There are some indications that low muscle mass and reduced function could be associated with diabetic complications.3 The present study has shown that Cre/CysC is negatively correlated with macrovascular diseases, including cardiovascular disease and lower extremity arterial disease, and this might be attributed to the impact of cystatin C. This study also showed that cystatin C is positively correlated with cardiovascular disease and lower extremity arterial disease (r=0.211, p=0.003 and r=0.164, p=0.023, respectively; data not shown). This is consistent with previous clinical studies indicating that cystatin C is positively associated with heart and peripheral arterial disease.31–35 Studies have also indicated that cystatin C increases in human obesity and is positively associated with body fat mass.36–38 However, in mechanistic studies, cystatin C was severely reduced in atherosclerotic lesions, and the absence of cystatin C resulted in larger plaque areas and increased obesity-associated adipose tissue inflammation and dysfunction.39–41 Therefore, cystatin C appears to be a protective factor that is stimulated to slow the progression of atherosclerosis and fat infiltration.

In adults, the normal range of cystatin C is 0.51–0.98 mg/L, which is independent of sex and age.42 The normal range of creatinine for males is 0.6–1.2 mg/dL, and for females, it is 0.5–1.1 mg/dL.43 Therefore, the ratio of Cre/CysC should be near 10. Some studies provided Cre/CysC values near 1 or 100 because they calculated the Cre/CysC ratio with different formulas, including Cre/CysC ratio=[(serum creatinine {mg/dl}/serum cystatin C {mg/l})×100] or (serum creatinine {mg/dl}/serum cystatin C {mg/l}).10–12 44–46 With more attention given to the ratio of Cre/CysC, a recognized and accepted formula should be proposed by an official institute.

Our study has some limitations. First, the Cre/CysC should be regarded as a supplementary indicator in predicting SMI and MMA because of the relative small coefficient r values and wide CIs. Second, the predicting abilities of Cre/CysC for muscle compositions in different genders need further clarification. Third, we did not assess muscle function (eg, handgrip strength and gait speed), which has recently been advised by the European Working Group on Sarcopenia in Older People as one of the referred criteria for severe sarcopenia.14 Fourth, as this was a retrospective study, we did not repeatedly assess the muscle composition and Cre/CysC; therefore, the predictive value of changes in Cre/CysC for muscle composition over time is unknown. Finally, this is a single-center study with a small sample population and large sample studies are needed to validate the findings in the present study and to verify the prognostic value of Cre/CysC for diabetic complications.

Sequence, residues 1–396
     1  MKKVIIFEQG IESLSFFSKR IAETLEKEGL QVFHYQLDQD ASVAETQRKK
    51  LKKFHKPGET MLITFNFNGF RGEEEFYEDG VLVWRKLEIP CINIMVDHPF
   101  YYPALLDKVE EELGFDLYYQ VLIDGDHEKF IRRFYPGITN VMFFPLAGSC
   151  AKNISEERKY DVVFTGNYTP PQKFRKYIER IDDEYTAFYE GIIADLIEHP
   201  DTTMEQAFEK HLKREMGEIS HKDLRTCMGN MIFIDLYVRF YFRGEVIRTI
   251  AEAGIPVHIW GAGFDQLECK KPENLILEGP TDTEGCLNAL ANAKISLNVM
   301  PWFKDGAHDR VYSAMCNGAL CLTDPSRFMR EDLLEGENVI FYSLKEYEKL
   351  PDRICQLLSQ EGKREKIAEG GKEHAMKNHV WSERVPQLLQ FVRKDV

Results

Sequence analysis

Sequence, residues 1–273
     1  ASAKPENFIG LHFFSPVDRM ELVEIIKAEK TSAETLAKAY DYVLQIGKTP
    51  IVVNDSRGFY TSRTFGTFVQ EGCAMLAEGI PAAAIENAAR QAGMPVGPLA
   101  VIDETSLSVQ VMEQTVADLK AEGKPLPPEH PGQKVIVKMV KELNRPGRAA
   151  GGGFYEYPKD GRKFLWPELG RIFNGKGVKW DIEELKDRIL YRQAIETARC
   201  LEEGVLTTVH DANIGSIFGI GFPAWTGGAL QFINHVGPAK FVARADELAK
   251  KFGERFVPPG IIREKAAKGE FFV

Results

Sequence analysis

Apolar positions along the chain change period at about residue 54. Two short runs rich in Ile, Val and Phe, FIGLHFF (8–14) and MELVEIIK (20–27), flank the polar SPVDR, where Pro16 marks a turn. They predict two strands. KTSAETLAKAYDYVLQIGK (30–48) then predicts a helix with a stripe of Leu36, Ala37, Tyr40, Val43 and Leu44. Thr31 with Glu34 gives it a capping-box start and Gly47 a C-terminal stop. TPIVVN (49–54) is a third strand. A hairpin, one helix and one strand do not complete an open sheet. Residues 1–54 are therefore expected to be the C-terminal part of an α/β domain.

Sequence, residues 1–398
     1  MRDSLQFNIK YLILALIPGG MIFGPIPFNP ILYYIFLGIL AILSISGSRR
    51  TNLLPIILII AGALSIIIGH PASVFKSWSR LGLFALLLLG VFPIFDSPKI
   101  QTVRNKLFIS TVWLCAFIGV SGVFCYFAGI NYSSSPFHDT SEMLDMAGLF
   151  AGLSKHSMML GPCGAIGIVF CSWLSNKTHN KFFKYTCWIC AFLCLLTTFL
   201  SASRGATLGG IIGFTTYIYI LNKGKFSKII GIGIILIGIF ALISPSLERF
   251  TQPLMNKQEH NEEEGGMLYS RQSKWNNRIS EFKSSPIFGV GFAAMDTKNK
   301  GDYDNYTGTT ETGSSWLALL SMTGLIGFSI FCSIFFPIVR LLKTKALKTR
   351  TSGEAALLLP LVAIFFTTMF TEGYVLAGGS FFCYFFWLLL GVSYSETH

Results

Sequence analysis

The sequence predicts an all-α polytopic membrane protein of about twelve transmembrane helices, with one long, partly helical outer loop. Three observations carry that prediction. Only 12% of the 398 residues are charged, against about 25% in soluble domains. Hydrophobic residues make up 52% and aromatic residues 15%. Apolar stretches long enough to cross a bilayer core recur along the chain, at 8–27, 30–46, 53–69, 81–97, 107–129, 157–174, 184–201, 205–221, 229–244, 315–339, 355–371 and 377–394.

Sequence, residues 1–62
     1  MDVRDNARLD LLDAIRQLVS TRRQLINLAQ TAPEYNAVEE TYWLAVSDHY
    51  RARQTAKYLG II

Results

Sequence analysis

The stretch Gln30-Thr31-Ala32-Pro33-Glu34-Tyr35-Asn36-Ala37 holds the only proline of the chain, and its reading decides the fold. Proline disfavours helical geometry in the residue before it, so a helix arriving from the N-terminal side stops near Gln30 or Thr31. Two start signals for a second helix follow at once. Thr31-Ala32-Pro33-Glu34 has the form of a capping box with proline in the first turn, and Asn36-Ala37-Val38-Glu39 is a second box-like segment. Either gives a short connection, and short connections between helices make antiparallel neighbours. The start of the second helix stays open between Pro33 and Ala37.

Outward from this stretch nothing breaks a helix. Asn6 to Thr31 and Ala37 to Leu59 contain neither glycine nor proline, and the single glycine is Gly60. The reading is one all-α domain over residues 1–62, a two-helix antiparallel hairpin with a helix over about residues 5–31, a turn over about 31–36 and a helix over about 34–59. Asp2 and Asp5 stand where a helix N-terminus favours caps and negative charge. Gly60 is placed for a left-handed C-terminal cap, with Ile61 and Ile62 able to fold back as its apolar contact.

Conclusions

In conclusion, the present study indicated that the ratio of Cre/CysC may be a valuable predictor of skeletal muscle composition in type 2 diabetes. Additionally, patients with a higher Cre/CysC may have a better ability to dispose of postprandial glucose and are at a lower risk of macrovascular disease.

Data availability statement

Data sharing not applicable as no datasets generated and/or analyzed for this study.

Ethics statements

Patient consent for publication

Ethics approval

This study was approved by the Ethics Committee of the Affiliated Hospital of Jining Medical University (No. 2021C041).

References

Supplementary materials

  • Supplementary Data

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Footnotes

  • QY and MZ contributed equally.

  • Contributors The manuscript was conceived by QY and FL, with manuscript questions and analytic plan designed by QY, MZ, BB and FL. FL wrote the manuscript, interpreted the data, critically reviewed and revised the manuscript. QY, MZ and BB contributed to writing, data analysis, data interpretation, critical review and revision. PS, YL, HX, KW and HS contributed to data interpretation, critical review and revision. All authors had access to the data and all authors agreed to submit the final manuscript. FL was supported by the doctoral founding. QY and FL are the guarantors of this work and as such had full access to all the data in the study and take responsibility for the integrity of the data and the accuracy of the data analysis.

  • Funding The study was supported by the Doctoral Foundation of the Affiliated Hospital of Jining Medical University (2020-BS-008).

  • Competing interests None declared.

  • Provenance and peer review Not commissioned; externally peer reviewed.

  • Supplemental material This content has been supplied by the author(s). It has not been vetted by BMJ Publishing Group Limited (BMJ) and may not have been peer-reviewed. Any opinions or recommendations discussed are solely those of the author(s) and are not endorsed by BMJ. BMJ disclaims all liability and responsibility arising from any reliance placed on the content. Where the content includes any translated material, BMJ does not warrant the accuracy and reliability of the translations (including but not limited to local regulations, clinical guidelines, terminology, drug names and drug dosages), and is not responsible for any error and/or omissions arising from translation and adaptation or otherwise.